in the pines

my ration
of moonlight

I originally drafted the ku several weeks ago with a kind of maudlin first line. Revising it to accompany a photo I took yesterday, I thought of the old folk song covered by everyone from Leadbelly to Bill Monroe to Nirvana. I’m hoping it’s widely known enough that at least some readers would understand it as a reference to sleeping outdoors, much like the stock phrase (makurakotoba) “grass for a pillow” in classical Japanese poetry.

My girl, my girl, don’t lie to me
Tell me where did you sleep last night

In the pines, in the pines
Where the sun don’t ever shine
I would shiver the whole night through …

end of summer

holes in mushroom parasols

This is sort of on the line between haiku and senryu, I think, but the choice of image with a speech balloon for the text pushes it over into senryu territory. In fact because of that, I altered the text to refer to mushroom parasols in general, instead of “a mushroom parasol,” which would be more sabishii.

tombescence (n):

the fruiting body
of a fungus

This may not be a proper haiku, but presenting it as if it were might prompt an attentive reader to look for multiple meanings. E.g. could a particular mushroom be intended, and/or a mushroom-like thing (nudge nudge wink wink)? Why no “mushroom” when the arched moss in the haiga is so architectural? And of course the whole sex-and-death thing, la petite mort as nature morte, etc.

So why then did I present it as a one-liner? Because I felt the urge to make the haiga on my phone, and the free app I use (Snapseed) has very limited font and formatting options compared to GIMP on the laptop. So why do that, then? Because lately I’ve been trying to recapture the sort of frictionless, in-the-flow self-publishing magic I first experienced 18 years ago, when blogging was new and so many of us got excited about becoming documentarians of our daily lives, mining the quotidian for moments of beauty or heightened awareness. These days, that mostly means posting stuff to social media, in part because the WordPress app for iPhones can’t seem to handle posting to this blog, I think because it’s hosted on a multiuser installation ( but under my own subdomain, and that confuses it. But I was at least able to post the just-made haiga to Instagram (and on to Facebook) while it was still super fresh, sitting on a bench in the woods. I love that. I hope my rock-bottom cellphone data plan continues to allow it.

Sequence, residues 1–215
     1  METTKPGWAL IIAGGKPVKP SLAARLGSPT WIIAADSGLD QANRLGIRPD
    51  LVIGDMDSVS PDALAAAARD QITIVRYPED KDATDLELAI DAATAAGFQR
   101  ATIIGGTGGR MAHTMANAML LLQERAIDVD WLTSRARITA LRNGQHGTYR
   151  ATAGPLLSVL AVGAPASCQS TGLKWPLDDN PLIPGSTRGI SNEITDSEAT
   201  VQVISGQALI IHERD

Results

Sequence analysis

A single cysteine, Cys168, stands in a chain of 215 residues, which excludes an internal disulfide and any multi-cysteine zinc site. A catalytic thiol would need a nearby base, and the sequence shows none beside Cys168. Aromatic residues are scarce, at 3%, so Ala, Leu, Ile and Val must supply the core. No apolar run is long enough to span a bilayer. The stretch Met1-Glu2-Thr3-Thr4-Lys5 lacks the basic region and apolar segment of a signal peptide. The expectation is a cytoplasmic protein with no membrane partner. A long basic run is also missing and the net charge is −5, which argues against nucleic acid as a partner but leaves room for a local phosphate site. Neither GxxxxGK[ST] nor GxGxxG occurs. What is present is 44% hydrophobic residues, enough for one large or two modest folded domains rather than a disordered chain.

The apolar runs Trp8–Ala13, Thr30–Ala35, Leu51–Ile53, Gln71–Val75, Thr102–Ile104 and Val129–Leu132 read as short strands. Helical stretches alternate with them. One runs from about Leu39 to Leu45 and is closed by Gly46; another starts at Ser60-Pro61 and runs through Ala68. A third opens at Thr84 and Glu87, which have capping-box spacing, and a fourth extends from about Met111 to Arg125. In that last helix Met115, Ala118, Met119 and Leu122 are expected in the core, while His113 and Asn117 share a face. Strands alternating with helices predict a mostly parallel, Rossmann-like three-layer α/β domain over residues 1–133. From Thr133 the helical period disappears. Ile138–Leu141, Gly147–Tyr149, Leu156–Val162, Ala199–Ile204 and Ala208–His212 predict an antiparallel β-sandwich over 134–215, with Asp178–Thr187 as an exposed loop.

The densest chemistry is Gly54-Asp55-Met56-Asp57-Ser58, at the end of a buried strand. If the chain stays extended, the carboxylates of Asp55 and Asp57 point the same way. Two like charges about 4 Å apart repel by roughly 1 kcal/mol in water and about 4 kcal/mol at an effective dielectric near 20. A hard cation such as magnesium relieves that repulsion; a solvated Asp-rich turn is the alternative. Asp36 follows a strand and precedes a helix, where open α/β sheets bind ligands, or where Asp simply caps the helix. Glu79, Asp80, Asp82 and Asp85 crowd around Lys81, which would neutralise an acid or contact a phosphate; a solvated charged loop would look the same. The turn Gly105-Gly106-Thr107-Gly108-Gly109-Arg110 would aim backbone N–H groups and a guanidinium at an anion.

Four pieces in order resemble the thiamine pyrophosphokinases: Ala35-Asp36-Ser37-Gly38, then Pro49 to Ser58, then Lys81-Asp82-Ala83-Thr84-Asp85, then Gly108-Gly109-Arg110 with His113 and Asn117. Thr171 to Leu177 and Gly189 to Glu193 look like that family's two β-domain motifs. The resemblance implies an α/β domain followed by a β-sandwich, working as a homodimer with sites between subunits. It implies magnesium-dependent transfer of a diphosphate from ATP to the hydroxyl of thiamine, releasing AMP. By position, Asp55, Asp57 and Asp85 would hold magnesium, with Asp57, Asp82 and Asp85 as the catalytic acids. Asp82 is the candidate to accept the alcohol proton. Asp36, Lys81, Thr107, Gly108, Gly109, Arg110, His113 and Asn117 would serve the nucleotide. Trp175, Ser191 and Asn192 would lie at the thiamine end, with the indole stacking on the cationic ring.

sad face circled
by a moth

Night-flying moths will come to pale faces for the same reason they come to a light, I think: their navigation systems have evolved to orient by the moon, which of course is constantly changing, so they have to be flexible. So I’m afraid that countless generations of Sufi-influenced poets have gotten it wrong: moths don’t fly into a flame out of mad passion. They’re simply lost.

The image is a shot of sulfur shelf mushrooms from above, processed in Snapseed. I wanted something that looked like a Creator’s rough draft of moon, moth, or face all at once.

July’s white heat

blossoming wintergreen

Crouching to photograph a parasol mushroom, I spotted the white, bell-shaped blossom of Gaultheria procumbens next to it. My first reaction:

white bells in the summer woods wintergreen

which is kind of superficial and obvious, but definitely a haiku I would’ve been satisfied with just a few years ago. Then I gave it a thought and came up with

wintergreen in July’s bridal white

which seemed to point a way forward. I thought of Wallace Stevens’ great poem “The Snow Man” — very meaningful to me as someone born in winter

mind of wintergreen blossoming in July

But that struck me as too cerebral, both literally and figuratively. I’m not saying the haiku I chose for this haiga is my final say, but I do think it preserves multiple possibilities for the reader.

wood ears

another language I’ve lost

The not-at-all-cheesy font is Showcard Gothic — one of those fonts I’ll probably never use again, but seemed right for this.

Is the haiku too cryptic? I hope not. I was shooting for just a little cryptic.